House of Himwitsa Gallery, Tofino

A First Nations owned and operated gallery, the name “Himwitsa” is derived from the Nuu-Chah-Nulth language, translating as “Storytelling, and the passing of knowledge from elder to youth.” This meaning is truly representative of the gallery and its art, where they specialize in fair trade First Nations artwork, featuring some of the regions’ most cherished artists. The gallery says “Each creation has a story to tell” and you truly experience that sentiment on any visit to this breathtaking gallery.

Ahtsik Gallery & Gordon Dick Studio

Ahtsik Gallery & Gordon Dick Studio, Port Alberni

Founded over a decade ago by Tseshaht Master Carver Gordon Dick, the gallery represents the work of West Coast artists from across Vancouver Island. The space features both the Ahtsik Gallery and Gordon Dick’s Artist Studio, where an outdoor carving shelter custom built from locally-sourced western red cedar is not to be missed. Tours and carving demos are available to be arranged by contacting the gallery in advance of your visit, where you’ll be able to gain unmatched knowledge of the traditional Indigenous art of the area, and potentially, even see different stages of art in progress.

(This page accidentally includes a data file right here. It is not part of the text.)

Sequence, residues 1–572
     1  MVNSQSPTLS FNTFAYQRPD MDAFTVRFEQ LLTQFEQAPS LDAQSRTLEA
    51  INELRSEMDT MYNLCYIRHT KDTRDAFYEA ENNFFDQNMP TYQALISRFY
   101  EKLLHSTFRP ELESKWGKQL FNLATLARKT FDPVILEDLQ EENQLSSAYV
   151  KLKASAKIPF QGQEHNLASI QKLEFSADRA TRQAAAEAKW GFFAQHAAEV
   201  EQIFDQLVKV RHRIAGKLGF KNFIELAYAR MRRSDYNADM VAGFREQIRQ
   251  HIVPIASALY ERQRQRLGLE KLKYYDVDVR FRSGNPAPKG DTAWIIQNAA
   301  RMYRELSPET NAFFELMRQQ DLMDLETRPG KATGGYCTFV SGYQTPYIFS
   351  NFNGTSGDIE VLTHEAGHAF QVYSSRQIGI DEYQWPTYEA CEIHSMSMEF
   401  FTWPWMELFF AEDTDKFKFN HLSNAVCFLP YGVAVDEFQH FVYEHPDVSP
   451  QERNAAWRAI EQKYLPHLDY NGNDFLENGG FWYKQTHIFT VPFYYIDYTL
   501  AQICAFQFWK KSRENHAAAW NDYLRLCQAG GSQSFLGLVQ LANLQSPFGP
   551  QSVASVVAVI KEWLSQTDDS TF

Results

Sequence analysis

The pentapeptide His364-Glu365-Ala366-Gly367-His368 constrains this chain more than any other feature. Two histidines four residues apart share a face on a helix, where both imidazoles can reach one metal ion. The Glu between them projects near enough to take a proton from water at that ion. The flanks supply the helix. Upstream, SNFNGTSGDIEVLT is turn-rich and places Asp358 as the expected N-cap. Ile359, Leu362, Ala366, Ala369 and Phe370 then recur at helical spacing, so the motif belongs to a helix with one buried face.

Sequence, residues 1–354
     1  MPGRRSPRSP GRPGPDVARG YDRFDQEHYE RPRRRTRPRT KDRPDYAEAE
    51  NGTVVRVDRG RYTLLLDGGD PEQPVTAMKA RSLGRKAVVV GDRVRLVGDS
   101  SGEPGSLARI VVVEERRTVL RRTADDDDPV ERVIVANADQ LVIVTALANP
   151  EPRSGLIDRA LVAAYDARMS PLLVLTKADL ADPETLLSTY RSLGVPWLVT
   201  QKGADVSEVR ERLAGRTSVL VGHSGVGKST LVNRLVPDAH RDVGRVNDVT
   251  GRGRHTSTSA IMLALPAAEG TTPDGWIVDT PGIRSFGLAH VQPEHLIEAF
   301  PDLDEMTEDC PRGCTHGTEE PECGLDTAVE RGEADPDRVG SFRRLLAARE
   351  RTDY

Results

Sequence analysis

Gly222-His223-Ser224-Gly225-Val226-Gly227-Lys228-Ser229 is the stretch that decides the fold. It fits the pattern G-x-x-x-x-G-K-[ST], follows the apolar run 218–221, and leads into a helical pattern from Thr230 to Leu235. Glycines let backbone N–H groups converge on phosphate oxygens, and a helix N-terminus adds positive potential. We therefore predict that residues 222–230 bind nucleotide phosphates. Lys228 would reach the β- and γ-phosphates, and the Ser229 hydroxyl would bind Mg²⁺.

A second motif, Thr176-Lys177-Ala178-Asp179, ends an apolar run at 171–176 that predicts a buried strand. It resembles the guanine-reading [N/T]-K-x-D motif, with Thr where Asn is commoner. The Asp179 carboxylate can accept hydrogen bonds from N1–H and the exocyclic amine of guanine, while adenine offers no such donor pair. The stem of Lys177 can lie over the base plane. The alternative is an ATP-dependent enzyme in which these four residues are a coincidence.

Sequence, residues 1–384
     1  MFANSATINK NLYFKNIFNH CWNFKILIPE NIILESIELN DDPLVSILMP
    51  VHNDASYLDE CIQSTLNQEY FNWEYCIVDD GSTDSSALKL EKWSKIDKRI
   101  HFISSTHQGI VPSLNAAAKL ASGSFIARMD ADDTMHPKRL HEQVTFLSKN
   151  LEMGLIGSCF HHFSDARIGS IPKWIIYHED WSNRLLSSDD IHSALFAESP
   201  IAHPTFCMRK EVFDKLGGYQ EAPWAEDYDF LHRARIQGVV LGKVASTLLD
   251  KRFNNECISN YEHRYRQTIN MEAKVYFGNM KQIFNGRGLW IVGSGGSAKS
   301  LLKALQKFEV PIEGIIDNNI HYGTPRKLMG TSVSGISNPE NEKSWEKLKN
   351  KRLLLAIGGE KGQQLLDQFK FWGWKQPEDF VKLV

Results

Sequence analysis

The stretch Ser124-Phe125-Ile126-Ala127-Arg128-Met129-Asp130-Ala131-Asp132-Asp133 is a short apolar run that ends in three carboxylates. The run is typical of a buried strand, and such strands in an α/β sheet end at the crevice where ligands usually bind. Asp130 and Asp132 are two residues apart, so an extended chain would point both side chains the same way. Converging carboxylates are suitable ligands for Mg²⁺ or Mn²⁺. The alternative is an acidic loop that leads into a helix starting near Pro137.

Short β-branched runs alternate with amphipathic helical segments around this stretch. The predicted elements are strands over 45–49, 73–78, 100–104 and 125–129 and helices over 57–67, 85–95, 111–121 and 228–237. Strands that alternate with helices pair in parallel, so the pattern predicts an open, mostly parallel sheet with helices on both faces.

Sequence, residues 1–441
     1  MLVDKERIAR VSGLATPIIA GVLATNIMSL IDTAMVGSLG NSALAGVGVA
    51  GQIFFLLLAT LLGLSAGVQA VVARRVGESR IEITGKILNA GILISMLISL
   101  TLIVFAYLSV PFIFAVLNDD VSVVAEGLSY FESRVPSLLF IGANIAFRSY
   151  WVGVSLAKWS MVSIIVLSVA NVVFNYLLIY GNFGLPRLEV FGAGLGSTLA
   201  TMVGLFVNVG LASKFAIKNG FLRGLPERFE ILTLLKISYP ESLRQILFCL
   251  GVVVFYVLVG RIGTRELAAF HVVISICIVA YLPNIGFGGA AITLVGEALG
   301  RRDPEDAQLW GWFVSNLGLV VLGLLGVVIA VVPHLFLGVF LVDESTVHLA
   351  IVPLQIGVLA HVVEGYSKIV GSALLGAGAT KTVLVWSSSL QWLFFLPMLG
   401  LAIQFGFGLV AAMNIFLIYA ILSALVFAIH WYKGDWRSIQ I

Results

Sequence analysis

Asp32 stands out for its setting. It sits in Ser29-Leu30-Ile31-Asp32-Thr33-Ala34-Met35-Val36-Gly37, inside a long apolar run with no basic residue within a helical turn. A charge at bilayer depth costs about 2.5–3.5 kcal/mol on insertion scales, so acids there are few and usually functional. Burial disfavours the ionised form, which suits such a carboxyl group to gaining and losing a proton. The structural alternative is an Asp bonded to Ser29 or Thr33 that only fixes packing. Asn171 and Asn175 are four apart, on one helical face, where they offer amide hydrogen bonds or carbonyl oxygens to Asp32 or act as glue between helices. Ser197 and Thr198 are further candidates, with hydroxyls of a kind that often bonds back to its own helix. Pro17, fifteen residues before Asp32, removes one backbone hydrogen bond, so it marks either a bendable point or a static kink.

Cedar House Gallery, Ucluelet

The only First Nations owned art gallery in Ucluelet, Cedar House Gallery features an immense collection of art from Pacific Northwest Indigenous artists. The gallery is owned and operated by Nuu-chah-nulth artist Tlehpika Hjalmer Wenstob and his family, where you’ll often Tlehpika carving and creating new art in between visiting guests. Available for viewing by appointment only, the space is truly community-orientated- where visitors and locals alike can come by to share stories, art, and conversation – and is a not-to-be-missed opportunity to connect deeply with Indigenous culture in the area.

Mark Loria Gallery
Mark Loria Gallery

Mark Loria Gallery, Victoria

One of the world’s most renowned Indigenous fine art galleries, the Mark Loria Gallery features an extensive collection of contemporary Indigenous work’s of British Columbia’s remarkable artists. The gallery features up to six new exhibitions every year and is a great way to see variation in Indigenous art and discover something new. The gallery has had a long-standing commitment to promote and support Indigenous artists by donating back to communities in an ongoing effort to preserve and protect Indigenous culture across Vancouver Island.

The Art Gallery of Greater Victoria

Full of Indigenous textiles, art, and a celebration of Indigenous fashion – this group exhibition, which takes place until November 20, presents different ways to be adorned and embellished with cultural traditions. Where fashion traditionally is focused on aesthetics and beauty, Adorned celebrates cultural expressions, histories, futurisms, and materiality. A truly breathtaking collaborative exhibition, you won’t want to miss the colors, shapes, and textures of this unique art showing.